October 30, 2009

Headlines
EU strikes climate funding deal
Will U.S. go empty-handed to world climate talks?
Climate hearings proceed in face of new attacks
Could coal lobby chief be probed for perjury?
Chamber chief battles Obama
Farmers fight climate bill, but warming spells trouble for them
Yemen’s water crisis a Mideast warning
N. America autos bottom of ‘world sustainability league’
Aerosols make methane more potent
Save us, [insert techno-fix here], you’re our only hope!
AEP tests coal’s future at its WV plant


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News summaries
EU strikes climate funding deal

EU leaders agree a conditional deal to help other nations fight global
warming, ahead of the Copenhagen climate summit. BBC News
Will U.S. go empty-handed to world climate talks?
Many nations are watching to see whether the Senate will make progress
on a climate and energy bill that would spell out the U.S. national
emissions-reduction plan. Without an offer of such cuts from the
largest source of emissions that are already in the atmosphere, there
won’t be a global deal at the talks in Copenhagen, Denmark. At the same
time, other countries have started to put forward their own plans to
cut emissions. If that momentum builds, it could put pressure on the
Senate to pass the bill, possibly early in 2010, and open the way for
another negotiating round on a global treaty next year. McClatchy
Climate hearings proceed in face of new attacks
U.S. Senate Environment and Public Works Committee Chairman Barbara
Boxer, (D., Calif.), on Thursday, pressed ahead with a third day of
hearings on climate legislation in the face of new attacks on the
measure. Sen. Jim Inhofe, (R., Okla.), demanded a more thorough
analysis of the legislation before the committee begins the process of
modifying and approving the bill. Sen. George Voinovich, (R., Ohio),
blew up at Boxer, saying that forcing polluters to pay for
greenhouse-gas emissions would result in a massive transfer of wealth
from some parts of the country. Under the Senate bill, greenhouse-gas
emissions would decline 20% below 2005 levels by 2020 and by more than
80% by 2050. Coal-state Democrats such as Baucus, as well as many
businesses, believe the near-term goals are too ambitious and want
Boxer to pull back. The concern is that "clean coal" technologies such
as carbon capture and sequestration will not be commercially available
at a time when deep emissions reductions take hold. Dow Jones Newswires
Could coal lobby chief be probed for perjury?
Staff for the House Select Committee on Energy Independence and Global
Warming refused Thursday to rule out possible perjury charges against
Steve Miller, the director of the American Coalition for Clean Coal
Electricity (ACCCE), for sworn testimony he gave Thursday. Miller said
the coal lobby group had never opposed House climate legislation,
whereas evidence exists that it had. TPM Muckraker
Chamber chief battles Obama
With President Barack Obama bidding to overhaul the health-care system,
tighten bank oversight and make industries pay for their greenhouse-gas
emissions, some trade-association chiefs have decided to compromise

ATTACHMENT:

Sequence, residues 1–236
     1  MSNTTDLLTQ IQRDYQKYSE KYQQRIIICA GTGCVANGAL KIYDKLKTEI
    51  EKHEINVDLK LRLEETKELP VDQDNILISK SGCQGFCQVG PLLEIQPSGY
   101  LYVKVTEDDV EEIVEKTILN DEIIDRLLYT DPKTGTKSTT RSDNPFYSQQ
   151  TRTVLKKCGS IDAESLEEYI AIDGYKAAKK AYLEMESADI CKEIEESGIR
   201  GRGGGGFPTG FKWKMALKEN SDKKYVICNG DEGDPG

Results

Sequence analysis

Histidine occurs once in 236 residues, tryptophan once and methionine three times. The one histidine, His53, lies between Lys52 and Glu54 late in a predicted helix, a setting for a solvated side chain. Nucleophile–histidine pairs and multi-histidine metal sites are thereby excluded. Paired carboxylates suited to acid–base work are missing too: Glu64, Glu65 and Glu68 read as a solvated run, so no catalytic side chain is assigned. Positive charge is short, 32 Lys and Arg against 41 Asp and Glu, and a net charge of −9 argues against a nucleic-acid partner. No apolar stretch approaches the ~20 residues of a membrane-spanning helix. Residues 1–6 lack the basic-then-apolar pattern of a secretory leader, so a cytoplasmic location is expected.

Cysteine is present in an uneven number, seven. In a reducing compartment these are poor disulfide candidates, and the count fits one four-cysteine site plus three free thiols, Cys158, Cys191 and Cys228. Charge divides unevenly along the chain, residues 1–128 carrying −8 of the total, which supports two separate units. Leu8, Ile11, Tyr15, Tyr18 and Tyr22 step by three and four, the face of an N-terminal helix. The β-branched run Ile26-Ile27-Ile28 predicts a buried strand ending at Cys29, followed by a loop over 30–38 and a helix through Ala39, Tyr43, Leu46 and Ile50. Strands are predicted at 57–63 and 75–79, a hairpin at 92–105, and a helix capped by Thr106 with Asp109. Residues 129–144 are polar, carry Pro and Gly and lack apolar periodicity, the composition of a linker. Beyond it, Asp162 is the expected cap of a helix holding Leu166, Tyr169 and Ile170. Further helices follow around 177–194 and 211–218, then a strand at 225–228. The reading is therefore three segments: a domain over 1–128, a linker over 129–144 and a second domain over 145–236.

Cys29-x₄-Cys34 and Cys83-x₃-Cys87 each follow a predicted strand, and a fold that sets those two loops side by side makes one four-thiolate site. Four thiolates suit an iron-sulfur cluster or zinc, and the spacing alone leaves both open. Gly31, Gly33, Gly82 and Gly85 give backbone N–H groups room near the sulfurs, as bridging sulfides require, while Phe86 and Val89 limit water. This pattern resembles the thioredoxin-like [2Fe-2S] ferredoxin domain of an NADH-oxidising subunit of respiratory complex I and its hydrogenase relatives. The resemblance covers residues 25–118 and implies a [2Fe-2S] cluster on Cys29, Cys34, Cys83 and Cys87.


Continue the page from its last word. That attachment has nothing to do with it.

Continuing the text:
with the party in power. Not Thomas Donohue. On many of Mr. Obama’s
priorities, the president and chief executive of the U.S. Chamber of
Commerce is working to defeat the administration—delighting some
members, causing some to quit and sparking a furious reaction from the
White House and left-wing activists. In the process, he has made the
Chamber one of Mr. Obama’s most visible opponents. On climate change,
Mr. Donohue’s group says warmer temperatures could help by reducing
deaths related to cold weather. Environmental Capital
Farmers fight climate bill, but warming spells trouble for them
Farm state senators and others soon will get a taste of what their
colleagues from Missouri already have piled high on their desks:
thousands of letters from farmers urging them to vote against the
climate and energy bill…A government report, however, warns of a dire
outlook for farms if rising emissions drive more rapid climate shifts in
the decades ahead. McClatchy
Yemen’s water crisis a Mideast warning
Sanaa may be the first capital city in the world to run out of water.
If that happens, it will be a signpost to the conflicts over shrinking
resources that scientists and sociologists see coming in the decades
ahead. The ancient city, which dates back to the Sabean dynasty of the
6th century B.C., is expected to run out of drinking water as early as
2025 at current consumption levels. UPI
N. America autos bottom of ‘world sustainability league’
The report details how Asian car manufacturers are outperforming their
North American, and many of their European competitors, in using their
environmental and social resources more efficiently. Spacemart
Aerosols make methane more potent
Aerosols’ complicated influence on our climate just got more
threatening: they could make methane a more potent greenhouse gas than
previously realized, say climate modellers. Nature
Save us, [insert techno-fix here], you’re our only hope!
Don t worry about climate change and world hunger"this lady’s got your
back!Watching SuperFreakonomics author Steve Levitt sitting next to Jon
Stewart as they shook their heads in disbelief that everyone wasn’t on
the climate change/geo-engineering bandwagon (It’s easy! it’s cheap! We
know it works!) depressed me no end. It seems like every challenge we
face now has an easy technological silver bullet that will spare us
sacrifice or even change. GMOs will end hunger. Geo-engineering will
solve climate change. A pill will cure obesity. Social Median
AEP tests coal’s future at its WV plant
An American Electric Power Co. plant in New Haven, West Virginia, may
help determine whether the nation’s 1,500 coal-burning power generators
become relics of a dirtier age or can flourish in a low-carbon world. Bloomberg